Author: Paul Irish and Tamika Goward
The Aboriginal name for the peninsula on the western side of Sydney Cove is Tar-Ra. It is also known as Dawes Point because it was the site of an observatory built in April 1788 by Lieutenant William Dawes of the First Fleet. He lived and worked here, and with a young Aboriginal woman Patyegarang, compiled the first dictionary of the local Aboriginal language of Sydney.
Large flat rocks at the tip of the peninsula, directly underneath the southern approach of the Sydney Harbour Bridge, were said to have been used by local Aboriginal people as a place to cook fish. These same rocks also contained Aboriginal rock engravings. Rock engravings were carved by Aboriginal people onto level sandstone platforms, ledges or small rock exposures. They often show fish or land animals, ancestral beings, human figures, weapons, and other motifs. Engraving sites can be made up of one single figure or many figures.
The engravings were located close to the former Dawes Point Battery. In 1883 they were remembered by Richard Sadleir, who had arrived in Sydney in the 1820s and had an interest in Aboriginal people and culture. He said that the engravings included a whale, a figure of a man or ancestral being, and other figures. Unfortunately no images of the engravings exist and they appear to have been destroyed many years ago.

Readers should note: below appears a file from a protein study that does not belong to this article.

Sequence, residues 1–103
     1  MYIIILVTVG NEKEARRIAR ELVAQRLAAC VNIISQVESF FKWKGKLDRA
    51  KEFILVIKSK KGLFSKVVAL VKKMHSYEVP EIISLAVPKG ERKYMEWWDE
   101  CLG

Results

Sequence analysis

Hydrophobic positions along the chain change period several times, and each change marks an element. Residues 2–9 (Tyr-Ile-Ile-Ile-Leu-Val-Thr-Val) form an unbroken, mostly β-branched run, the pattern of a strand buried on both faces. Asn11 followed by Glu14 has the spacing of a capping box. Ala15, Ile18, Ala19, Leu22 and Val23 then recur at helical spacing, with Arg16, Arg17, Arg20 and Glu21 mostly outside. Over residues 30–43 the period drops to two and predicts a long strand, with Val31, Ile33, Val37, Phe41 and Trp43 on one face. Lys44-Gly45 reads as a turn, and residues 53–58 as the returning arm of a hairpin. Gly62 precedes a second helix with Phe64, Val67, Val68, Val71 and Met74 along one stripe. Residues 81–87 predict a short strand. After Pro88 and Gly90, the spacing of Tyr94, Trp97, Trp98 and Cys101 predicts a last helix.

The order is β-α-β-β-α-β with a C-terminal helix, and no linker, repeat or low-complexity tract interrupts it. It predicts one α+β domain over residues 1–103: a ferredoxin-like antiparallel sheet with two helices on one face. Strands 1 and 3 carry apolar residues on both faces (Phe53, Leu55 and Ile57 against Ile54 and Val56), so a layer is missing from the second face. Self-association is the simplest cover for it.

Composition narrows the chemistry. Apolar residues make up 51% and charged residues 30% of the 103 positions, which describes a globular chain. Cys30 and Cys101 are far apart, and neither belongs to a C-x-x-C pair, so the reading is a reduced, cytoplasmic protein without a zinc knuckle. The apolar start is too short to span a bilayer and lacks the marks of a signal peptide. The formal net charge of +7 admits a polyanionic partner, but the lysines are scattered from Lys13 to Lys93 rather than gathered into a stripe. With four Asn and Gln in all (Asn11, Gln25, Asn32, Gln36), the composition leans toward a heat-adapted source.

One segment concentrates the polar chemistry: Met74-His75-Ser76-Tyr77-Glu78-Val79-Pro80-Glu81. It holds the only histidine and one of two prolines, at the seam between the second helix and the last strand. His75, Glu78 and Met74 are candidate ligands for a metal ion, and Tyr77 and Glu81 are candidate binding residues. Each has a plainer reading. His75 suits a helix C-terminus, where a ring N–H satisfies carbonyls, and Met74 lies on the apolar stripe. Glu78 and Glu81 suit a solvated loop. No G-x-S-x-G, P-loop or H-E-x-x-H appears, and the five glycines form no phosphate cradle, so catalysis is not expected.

The Dawes Point engravings were among thousands of engraved figures that were once found around the sandstone outcrops of the Sydney region, some of which still survive. We do not know how old individual sites are, but archaeologists believe their style suggests that they are between 5,000 and 200 years old. In Sydney, engraved images of sailing boats and other European subjects show that the tradition also continued after the arrival of Europeans.
Rock engravings probably had many functions within the social world of Sydney’s Aboriginal people. Some are thought to have indicated territorial boundaries, some were important for ceremony, and others may have been teaching places to educate Aboriginal children about nearby resources and how to share them. The meaning of the Dawes Point engravings is not known, but they give a good indication of the complex social and cultural world of Sydney’s Aboriginal people. Engravings continue to hold deep significance to Aboriginal people living in Sydney today.
R Sadlier, 1883. The Aborigines of Australia (Sydney: Government Printer).
Val Attenbrow, ‘Archaeological evidence of Aboriginal life in Sydney‘, Dictionary of Sydney, 2012.
AHIMS ID Number 45-6-0030.